World Library  
Flag as Inappropriate
Email this Article

IPod Hi-Fi

Article Id: WHEBN0004228970
Reproduction Date:

Title: IPod Hi-Fi  
Author: World Heritage Encyclopedia
Language: English
Subject: Magic Trackpad, Magic Mouse, Power Macintosh G3 (Blue & White), AirPort Time Capsule, Power Macintosh
Publisher: World Heritage Encyclopedia

IPod Hi-Fi

iPod Hi-Fi
Manufacturer Apple Inc.
Type Stereo speaker system
Retail availability February 28, 2006 to September 5, 2007.
Connectivity Dock connector, Auxiliary Input

iPod Hi-Fi is a speaker system that was developed and manufactured by Apple Inc. and was released on February 28, 2006, for use with any iPod digital music player.[1] The iPod Hi-Fi retailed at the Apple Store for US$349 until its discontinuation on September 5, 2007.


At launch

The iPod Hi-Fi was announced by Steve Jobs on February 28, 2006, alongside the first Intel-based Mac mini.[2]


  • High price, more expensive than other similar products such as the iBoom and Bose's SoundDock.[3]
  • Lack of an AM/FM radio.[4]
  • Placement of the iPod itself in a vulnerable location compared to other similar devices such as the Bose SoundDock. This is due to the iPod device sitting atop the unit, with no other method of securing the player to the dock besides the 30-pin dock connector.
  • The supplied remote control has limited functionality. The remote can only control the volume and skip between tracks within the selected playlist. The menu button switches between the dock and the audio-in port; it cannot assume the function of the menu button on the docked iPod itself.[5]
  • iPod compatibility: Only some iPod models can use the iPod Hi-Fi dock. The stereo comes with adapters for third generation (20 GB, 40 GB), fourth generation (20 GB, 30 GB, 40 GB, 60 GB, U2 special edition) and fifth generation (30 GB, 60 GB, 80 GB) iPods, and the first and second generations of the iPod nano. The iPod shuffle does not have a dock connector, and so can only connect to the audio-in port and cannot be recharged by the stereo.[6] So, with the exception of the iPod shuffle, the iPod Hi-Fi can be used with all iPods with a dock connector, however will only charge iPods that support Firewire charging.
  • An adapter must be used to charge newer iPod models (except for iPod classic) and the iPhone 3G, 3GS, 4 and 4S because they require a lower voltage: the iPod Hi-Fi supplies 12VDC (FireWire) while the newer devices expect 5VDC (USB).


On September 5, 2007, the iPod Hi-Fi was discontinued by Apple, and disappeared from Apple's online store.[7]

Engadget received an official statement from Apple:[8]


  1. ^ "Apple Announces iPod Hi-Fi". Apple. Retrieved 2014-11-20.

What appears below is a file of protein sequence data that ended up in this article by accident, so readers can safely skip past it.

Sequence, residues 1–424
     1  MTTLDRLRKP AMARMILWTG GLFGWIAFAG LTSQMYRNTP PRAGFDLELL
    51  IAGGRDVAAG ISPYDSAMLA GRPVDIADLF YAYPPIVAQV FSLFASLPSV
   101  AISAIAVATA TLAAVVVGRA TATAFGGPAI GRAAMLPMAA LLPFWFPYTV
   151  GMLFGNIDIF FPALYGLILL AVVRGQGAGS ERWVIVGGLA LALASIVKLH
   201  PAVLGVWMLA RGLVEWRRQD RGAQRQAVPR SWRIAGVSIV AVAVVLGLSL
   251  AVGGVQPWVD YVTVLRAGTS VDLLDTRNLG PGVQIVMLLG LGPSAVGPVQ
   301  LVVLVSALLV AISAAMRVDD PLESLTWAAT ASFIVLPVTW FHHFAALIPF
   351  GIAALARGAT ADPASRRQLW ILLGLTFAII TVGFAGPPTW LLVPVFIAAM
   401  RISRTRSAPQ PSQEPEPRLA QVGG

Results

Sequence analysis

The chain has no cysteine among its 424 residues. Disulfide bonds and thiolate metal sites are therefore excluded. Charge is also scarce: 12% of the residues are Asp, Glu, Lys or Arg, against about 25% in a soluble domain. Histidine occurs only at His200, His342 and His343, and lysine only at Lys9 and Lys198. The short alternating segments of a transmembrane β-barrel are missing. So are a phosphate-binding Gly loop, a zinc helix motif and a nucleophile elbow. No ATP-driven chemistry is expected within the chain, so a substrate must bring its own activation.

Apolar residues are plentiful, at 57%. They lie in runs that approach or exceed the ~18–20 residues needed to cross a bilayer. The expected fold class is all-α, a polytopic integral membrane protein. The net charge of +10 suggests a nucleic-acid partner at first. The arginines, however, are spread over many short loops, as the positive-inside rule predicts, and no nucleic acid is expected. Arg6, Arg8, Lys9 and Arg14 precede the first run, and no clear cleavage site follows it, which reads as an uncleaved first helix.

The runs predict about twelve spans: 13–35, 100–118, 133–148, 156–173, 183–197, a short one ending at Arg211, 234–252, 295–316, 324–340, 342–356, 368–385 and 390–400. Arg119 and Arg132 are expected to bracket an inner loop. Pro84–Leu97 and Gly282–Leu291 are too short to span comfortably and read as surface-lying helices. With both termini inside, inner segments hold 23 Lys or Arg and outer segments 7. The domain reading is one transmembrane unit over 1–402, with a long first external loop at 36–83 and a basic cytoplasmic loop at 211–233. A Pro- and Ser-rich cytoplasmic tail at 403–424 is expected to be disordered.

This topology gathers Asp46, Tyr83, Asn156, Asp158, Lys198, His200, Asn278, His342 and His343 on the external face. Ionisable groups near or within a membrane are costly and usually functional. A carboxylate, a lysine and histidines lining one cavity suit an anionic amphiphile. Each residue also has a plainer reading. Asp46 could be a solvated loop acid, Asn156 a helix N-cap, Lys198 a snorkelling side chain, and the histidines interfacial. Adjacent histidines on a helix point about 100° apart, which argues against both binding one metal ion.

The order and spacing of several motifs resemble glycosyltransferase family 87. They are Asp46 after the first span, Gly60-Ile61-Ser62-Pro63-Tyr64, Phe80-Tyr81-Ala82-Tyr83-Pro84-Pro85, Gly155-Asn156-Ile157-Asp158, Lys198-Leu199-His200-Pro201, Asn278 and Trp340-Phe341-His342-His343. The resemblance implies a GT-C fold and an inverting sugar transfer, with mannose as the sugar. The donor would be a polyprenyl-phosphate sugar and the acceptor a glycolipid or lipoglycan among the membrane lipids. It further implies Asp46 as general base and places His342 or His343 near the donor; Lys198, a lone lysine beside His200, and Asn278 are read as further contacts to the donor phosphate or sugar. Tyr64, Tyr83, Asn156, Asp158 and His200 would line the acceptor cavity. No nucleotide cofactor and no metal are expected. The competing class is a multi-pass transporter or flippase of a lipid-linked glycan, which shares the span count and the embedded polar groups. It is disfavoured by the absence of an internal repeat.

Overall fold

2. ^ Jennifer Guevin. "Bloggers underwhelmed by Apple announcements". Archived from the original on July 16, 2012. Retrieved March 1, 2006. 
  3. ^ John Borland. "iPod Hi-Fi has big-sounding ambitions". Archived from the original on July 12, 2012. Retrieved March 1, 2006. 
  4. ^ Jennifer Guevin. "Bloggers underwhelmed by Apple announcements". Archived from the original on July 16, 2012. Retrieved March 1, 2006. 
  5. ^ iPod Hi-Fi User guide. "Chapter 3, Using the Apple Remote, pages 20-21" (PDF). Retrieved May 25, 2007. 
  6. ^ iPod Hi-Fi User guide. "Chapter 2, Step 2: Connect your iPod, page 13" (PDF). Retrieved May 25, 2007. 
  7. ^ Bye bye, HiFi - The Unofficial Apple Weblog (TUAW)
  8. ^ Block, Ryan. "Apple Hi-Fi, RIP: 2006 - 2007". Engadget. Retrieved 2014-11-20. 

External links

  • CNET Review
  • PC Magazine Review
This article was sourced from Creative Commons Attribution-ShareAlike License; additional terms may apply. World Heritage Encyclopedia content is assembled from numerous content providers, Open Access Publishing, and in compliance with The Fair Access to Science and Technology Research Act (FASTR), Wikimedia Foundation, Inc., Public Library of Science, The Encyclopedia of Life, Open Book Publishers (OBP), PubMed, U.S. National Library of Medicine, National Center for Biotechnology Information, U.S. National Library of Medicine, National Institutes of Health (NIH), U.S. Department of Health & Human Services, and, which sources content from all federal, state, local, tribal, and territorial government publication portals (.gov, .mil, .edu). Funding for and content contributors is made possible from the U.S. Congress, E-Government Act of 2002.
Crowd sourced content that is contributed to World Heritage Encyclopedia is peer reviewed and edited by our editorial staff to ensure quality scholarly research articles.
By using this site, you agree to the Terms of Use and Privacy Policy. World Heritage Encyclopedia™ is a registered trademark of the World Public Library Association, a non-profit organization.

Copyright © World Library Foundation. All rights reserved. eBooks from World Library are sponsored by the World Library Foundation,
a 501c(4) Member's Support Non-Profit Organization, and is NOT affiliated with any governmental agency or department.